Harris said a ‘Vote No” campaign is likely to be launched soon against the amendment. “This thing is not done,” he said. “The billionaires and trillionaires and corporations are going to come after this amendment. We have got some work to do!”

One of Labor’s top proponents in the Legislature, Rep. Jay Hoffman (D-Swansea) said he has seen a shift in focus when it comes to the rights and benefits guaranteed to union workers.

‘LET’S NEVER HAVE ‘RTW’ IN ILLINOIS’ stressed Rep. Jay Hoffman (D-Swansea) at the Workers Rights Rally in Collinsville last week.   – Labor Tribune photo

Decades ago, he said, when someone saw a worker who had good pay, good benefits and safe working conditions, they would say, “I want a job like that.” Somewhere along the line, he added, it’s shifted to, “Why should he have that? I don’t have it!”

Hoffman said that instead, we need to shift back to union protections that guarantee salaries, working hours and safe conditions.

And it’s Democrats who back Labor issues, ranging from minimum wage to smaller classroom sizes, Hoffman added. When former Gov. Bruce Rauner was in office, he said, “We had to fight every day!”

Passing a phony “right-to-work” law was Rauner’s top priority, Hoffman said, and his sticking to that priority was what kept the state without a budget for two years, at one low point.

“We can’t go back to that,” Hoffman said. “All our brothers and sisters in Labor have to come out and vote for the amendment. Hell, yes! Let’s never have ‘right-to-work’ in Illinois!”

Other state legislators who spoke or were present included Rep. Katie Stuart (D-Edwardsville), and senators Kris Tharp (D-Bethalto, newly appointed) and Chris Belt (D-Cahokia). Two candidates appeared, Joe Silkwood of East Alton, running for 111th District state representative, and Chip Markel, of Carbondale, running against U.S. Rep. Mike Bost in the 12th Congressional District.

They asked for Labor members not only to vote, but to get their friends and family to vote, too, and to reach out to independents and even Republicans to get them on board.

Belt and Stuart both predicted a bitter fight against misinformation campaigns backed by big money to convince voters that the amendment would worsen inflation or cost jobs.

“One of the things we’ve seen with the other side is that they’re deliberate, and they don’t play by any rules,” Belt said. “It doesn’t have to be factual … they’ll do it.”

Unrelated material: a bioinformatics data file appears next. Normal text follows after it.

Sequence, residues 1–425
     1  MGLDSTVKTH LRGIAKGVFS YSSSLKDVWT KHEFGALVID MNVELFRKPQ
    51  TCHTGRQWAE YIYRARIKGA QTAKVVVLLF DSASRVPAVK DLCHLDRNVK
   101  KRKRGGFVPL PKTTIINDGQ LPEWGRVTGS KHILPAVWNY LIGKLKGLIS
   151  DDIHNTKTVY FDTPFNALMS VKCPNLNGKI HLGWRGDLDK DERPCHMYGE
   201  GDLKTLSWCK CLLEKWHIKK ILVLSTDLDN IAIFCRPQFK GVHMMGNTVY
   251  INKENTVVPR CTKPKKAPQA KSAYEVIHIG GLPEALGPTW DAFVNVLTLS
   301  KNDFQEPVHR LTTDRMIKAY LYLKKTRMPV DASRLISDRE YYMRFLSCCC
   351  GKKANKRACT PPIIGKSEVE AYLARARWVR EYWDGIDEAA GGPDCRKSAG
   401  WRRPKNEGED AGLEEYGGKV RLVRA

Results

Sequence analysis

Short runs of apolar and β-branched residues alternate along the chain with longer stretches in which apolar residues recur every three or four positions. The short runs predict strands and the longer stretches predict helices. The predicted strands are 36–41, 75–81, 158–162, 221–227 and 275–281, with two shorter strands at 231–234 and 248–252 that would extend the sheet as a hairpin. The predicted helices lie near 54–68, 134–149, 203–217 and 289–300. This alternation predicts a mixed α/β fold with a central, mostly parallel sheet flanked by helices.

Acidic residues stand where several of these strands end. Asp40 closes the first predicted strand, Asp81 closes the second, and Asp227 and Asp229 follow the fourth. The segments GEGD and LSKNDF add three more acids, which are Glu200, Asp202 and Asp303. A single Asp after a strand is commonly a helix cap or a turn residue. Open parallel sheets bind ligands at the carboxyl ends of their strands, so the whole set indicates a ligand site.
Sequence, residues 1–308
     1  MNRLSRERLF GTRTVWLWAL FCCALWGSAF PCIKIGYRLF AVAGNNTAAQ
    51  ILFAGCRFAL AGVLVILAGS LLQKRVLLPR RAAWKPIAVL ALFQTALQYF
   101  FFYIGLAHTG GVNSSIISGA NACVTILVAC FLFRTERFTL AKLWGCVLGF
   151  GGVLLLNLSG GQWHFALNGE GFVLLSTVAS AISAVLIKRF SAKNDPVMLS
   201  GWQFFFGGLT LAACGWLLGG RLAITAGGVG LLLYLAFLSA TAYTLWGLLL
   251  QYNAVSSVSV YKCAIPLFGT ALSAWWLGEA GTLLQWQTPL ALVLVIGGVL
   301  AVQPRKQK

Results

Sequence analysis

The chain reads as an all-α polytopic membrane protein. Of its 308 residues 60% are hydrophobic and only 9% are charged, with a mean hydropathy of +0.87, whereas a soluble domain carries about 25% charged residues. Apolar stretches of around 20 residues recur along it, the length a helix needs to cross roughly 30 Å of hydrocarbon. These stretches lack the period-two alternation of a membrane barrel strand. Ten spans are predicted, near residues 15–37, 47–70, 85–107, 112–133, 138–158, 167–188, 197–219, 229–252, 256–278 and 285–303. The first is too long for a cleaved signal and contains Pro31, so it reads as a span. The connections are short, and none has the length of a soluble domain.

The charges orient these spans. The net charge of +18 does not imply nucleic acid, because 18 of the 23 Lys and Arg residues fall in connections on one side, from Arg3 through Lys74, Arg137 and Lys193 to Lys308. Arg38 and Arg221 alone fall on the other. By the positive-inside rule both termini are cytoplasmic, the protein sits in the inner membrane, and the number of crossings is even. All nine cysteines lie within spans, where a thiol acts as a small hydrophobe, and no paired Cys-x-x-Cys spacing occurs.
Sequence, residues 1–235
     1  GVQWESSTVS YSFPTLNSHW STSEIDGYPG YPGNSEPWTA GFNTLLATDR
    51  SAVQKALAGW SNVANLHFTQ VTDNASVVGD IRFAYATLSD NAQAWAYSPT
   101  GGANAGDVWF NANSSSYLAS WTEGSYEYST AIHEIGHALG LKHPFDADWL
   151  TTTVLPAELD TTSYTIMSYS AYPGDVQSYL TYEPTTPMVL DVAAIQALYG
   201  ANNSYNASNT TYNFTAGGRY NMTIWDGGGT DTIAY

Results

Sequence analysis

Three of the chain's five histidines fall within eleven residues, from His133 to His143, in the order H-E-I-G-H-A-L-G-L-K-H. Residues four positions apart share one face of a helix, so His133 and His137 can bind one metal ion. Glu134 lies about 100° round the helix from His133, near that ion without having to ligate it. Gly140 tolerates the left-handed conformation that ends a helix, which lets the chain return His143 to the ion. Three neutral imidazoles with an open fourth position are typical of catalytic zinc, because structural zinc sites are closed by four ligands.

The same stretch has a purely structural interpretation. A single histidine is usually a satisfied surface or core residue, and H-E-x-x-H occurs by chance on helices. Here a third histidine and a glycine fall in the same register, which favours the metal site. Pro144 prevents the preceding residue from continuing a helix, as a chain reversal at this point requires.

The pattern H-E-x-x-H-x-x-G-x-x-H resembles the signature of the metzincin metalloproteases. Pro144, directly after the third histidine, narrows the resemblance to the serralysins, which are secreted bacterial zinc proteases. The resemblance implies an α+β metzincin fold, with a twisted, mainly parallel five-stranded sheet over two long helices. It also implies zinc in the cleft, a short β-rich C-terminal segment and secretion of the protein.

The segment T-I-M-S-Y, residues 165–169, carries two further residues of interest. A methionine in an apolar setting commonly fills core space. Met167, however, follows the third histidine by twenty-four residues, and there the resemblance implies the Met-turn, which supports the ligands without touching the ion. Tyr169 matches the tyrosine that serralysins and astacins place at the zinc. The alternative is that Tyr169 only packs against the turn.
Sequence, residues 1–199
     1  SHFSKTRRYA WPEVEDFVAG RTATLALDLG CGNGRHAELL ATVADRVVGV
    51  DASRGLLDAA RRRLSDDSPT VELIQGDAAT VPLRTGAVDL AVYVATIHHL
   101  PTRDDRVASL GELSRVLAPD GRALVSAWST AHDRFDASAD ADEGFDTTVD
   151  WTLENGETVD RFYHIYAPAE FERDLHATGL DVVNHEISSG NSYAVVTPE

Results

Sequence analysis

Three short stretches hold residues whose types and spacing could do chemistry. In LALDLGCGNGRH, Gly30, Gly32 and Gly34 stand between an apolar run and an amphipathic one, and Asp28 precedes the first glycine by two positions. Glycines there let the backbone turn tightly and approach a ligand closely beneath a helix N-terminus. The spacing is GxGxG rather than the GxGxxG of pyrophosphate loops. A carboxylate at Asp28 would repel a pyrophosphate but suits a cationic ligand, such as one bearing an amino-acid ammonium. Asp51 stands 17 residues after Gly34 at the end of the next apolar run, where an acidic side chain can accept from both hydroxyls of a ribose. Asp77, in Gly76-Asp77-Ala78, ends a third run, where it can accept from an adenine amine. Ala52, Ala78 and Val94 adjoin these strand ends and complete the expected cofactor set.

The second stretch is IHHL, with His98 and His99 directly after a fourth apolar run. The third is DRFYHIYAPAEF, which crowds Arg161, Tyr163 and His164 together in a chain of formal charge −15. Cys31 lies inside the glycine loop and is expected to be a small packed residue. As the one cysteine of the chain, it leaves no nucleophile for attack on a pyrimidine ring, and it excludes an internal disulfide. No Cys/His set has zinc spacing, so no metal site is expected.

Stuart said union representation generally means more equality in an era when women and minorities still are paid less than white men. “We get paid less when we do the same goddamn job,” she said. “That is wrong!”

One happy surprise at the rally was an appearance, in complete costume and full-throated voice, by Loretta Williams, the actress who frequently and convincingly portrays the great Labor leader Mother Jones.

Speaking as Mother Jones, she reminded the rally attendees of the violence and misinformation that have surrounded past Labor efforts to win concessions from those in power. And she tied it to recent events.

“There’s a tornado coming and you want to go to safety, but you can’t because you’ll lose your job,” she said, referring to last fall’s tornado at the Amazon warehouse in Edwardsville, which killed six workers who had inadequate storm protection. Amazon’s policies for worker safety in the incident still are being litigated in court.

“Mother Jones” declared: “You can’t pay the rent with a gift card! You don’t need a gift card, you need a union card!” She got a rousing standing ovation.

She added, “Illinois is the best damn Labor state in the nation. Rise up, and show the world what the workers can do!”

Meanwhile, the committee formed to pass the Workers’ Rights Amendment has already faced legal challenges and will be striving to educate the public and drum up voter registration and participation. More information about the amendment can be found at



Please enter your comment!
Please enter your name here